At a key event in December that White missed because of injury, top-ranked Mark McMorris of Canada stomped a triple-flipping jump (Which are daunting on the slopestyle course, but not as near-impossible as they appear in the halfpipe) and blew away the competition. Asked whether he or White should be the favorite in Russia, McMorris countered quickly: "You tell me, dog."
McMorris broke a rib at the Winter X Games. A teammate of his, Max Parrot, won that contest with two triple corks.
While all that was playing out, White was practicing about 100 miles away in Copper Mountain.
"All these competitors in slopestyle, they haven't really had to deal with me," he says. "I'm hoping I can surprise them a little bit. Show them something new."
It's always something new with him.
Clothing lines. Snowboard gear. Mountain bikes. Gum flavors.
Put them all together, and it's no wonder White has a 63 percent awareness among the general population, according to a survey by the global marketing research firm, Repucom. Seventy-four percent of people aware of White identify him as a trendsetter and 81 percent say he is influential in today's society; that's about the same number as Usain Bolt.
It helps explain how White can move the needle with something as mundane as, say, a haircut.
These days, he sports a sleeked-back look that's more suited to the red carpet than the slopes, and bears little resemblance to the unkempt, tomato-red locks that were once his trademark. He donated his hair to Locks of Love, which serves financially disadvantaged kids who lose their hair due to medical reasons.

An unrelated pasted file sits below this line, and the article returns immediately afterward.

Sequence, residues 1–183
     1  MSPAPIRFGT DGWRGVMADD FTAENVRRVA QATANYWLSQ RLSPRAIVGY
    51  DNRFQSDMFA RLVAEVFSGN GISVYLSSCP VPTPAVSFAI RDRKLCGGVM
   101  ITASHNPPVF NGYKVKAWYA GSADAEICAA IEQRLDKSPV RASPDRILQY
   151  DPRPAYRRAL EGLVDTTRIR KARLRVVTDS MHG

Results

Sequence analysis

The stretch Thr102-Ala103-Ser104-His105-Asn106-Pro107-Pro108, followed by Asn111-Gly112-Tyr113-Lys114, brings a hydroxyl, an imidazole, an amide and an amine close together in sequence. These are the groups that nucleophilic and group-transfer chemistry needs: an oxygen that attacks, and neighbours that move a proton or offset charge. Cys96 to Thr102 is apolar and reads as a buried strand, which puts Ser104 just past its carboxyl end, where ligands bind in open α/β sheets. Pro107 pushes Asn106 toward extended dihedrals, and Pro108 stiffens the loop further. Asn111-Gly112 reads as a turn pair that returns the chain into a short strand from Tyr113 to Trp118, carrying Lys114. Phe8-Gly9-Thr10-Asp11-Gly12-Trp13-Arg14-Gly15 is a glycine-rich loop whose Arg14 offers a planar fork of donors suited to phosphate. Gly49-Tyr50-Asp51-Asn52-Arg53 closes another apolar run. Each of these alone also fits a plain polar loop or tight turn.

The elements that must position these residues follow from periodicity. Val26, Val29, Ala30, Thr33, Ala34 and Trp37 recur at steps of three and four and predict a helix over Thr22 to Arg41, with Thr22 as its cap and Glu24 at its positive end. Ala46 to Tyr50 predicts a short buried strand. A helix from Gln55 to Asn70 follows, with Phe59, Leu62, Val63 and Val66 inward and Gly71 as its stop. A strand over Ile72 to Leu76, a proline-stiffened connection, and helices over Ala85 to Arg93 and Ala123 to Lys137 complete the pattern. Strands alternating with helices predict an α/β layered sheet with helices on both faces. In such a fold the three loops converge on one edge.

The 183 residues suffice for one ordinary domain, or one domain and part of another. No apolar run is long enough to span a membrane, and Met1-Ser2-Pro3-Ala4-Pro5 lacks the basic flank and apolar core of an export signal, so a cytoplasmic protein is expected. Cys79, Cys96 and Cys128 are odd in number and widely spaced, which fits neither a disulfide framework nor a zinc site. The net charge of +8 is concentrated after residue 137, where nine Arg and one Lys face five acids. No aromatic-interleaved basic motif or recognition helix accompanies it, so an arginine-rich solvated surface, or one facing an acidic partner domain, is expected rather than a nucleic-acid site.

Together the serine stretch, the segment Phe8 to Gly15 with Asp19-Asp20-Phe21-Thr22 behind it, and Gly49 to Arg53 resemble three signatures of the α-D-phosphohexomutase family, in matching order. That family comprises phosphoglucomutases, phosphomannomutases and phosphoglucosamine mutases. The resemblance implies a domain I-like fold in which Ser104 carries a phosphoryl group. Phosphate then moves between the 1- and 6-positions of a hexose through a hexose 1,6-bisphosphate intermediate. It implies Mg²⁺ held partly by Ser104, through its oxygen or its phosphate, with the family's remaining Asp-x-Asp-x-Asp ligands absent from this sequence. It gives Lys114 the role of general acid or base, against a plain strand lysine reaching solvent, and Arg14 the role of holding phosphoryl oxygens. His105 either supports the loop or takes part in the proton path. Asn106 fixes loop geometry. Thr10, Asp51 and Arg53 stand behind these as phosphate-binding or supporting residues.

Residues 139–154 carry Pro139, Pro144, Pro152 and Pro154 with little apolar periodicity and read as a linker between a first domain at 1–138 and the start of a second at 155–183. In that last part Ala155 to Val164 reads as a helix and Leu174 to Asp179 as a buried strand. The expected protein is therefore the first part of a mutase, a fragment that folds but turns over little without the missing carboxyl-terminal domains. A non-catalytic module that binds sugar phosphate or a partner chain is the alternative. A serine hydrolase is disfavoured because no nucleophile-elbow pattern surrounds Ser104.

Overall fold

"I didn't get the magnitude of this decision until afterward, but I didn't really ask anyone," he says. "I just did it. It was something I wanted to do. I felt like it was a weight lifted. I felt like it was time. One of the best decisions I've ever made."
He feels much the same about throwing so much of his energy into his band, Bad Things, which released a self-titled debut album this month. The plan is for White to tour and promote the album after the Olympics.
"Whenever you put yourself out there for scrutiny, you're some sort of artist painting a picture or putting out music, you're definitely offering yourself up to be criticized," he says. "You're vulnerable. For me, it's great. Such a satisfying thing for me as a person. The only thing I do that involves teamwork, really."
Though he is surrounded by a team of a dozen or more — coach, publicist, cameramen, etc. — during some training sessions, White's day job, on the snowboard, really is a one-man show.
The two-month leadup to the Olympics has been grueling — filled with at least one significant injury (left ankle) and one big crash (on the slopestyle course in Mammoth, Calif.)
A day after the crash, White returned and stomped the Yolo trick on the halfpipe in a competition for the first time.
He skipped the Winter X Games, where he would have gotten the best look at his main competition and they could've seen him.
Instead, he trained privately, his eye fixed squarely on Sochi and the goal ahead: Two gold medals.
Improbable, some might say.
But a challenge the world's best snowboarder wouldn't think of shying away from.
"I've never really lowered my sights from that," White says. "It's driven me this far. At any competition, it's a risk you take that you might not win it, that someone might be better than you. But when you get into this, you know you're putting yourself up for that from the very beginning."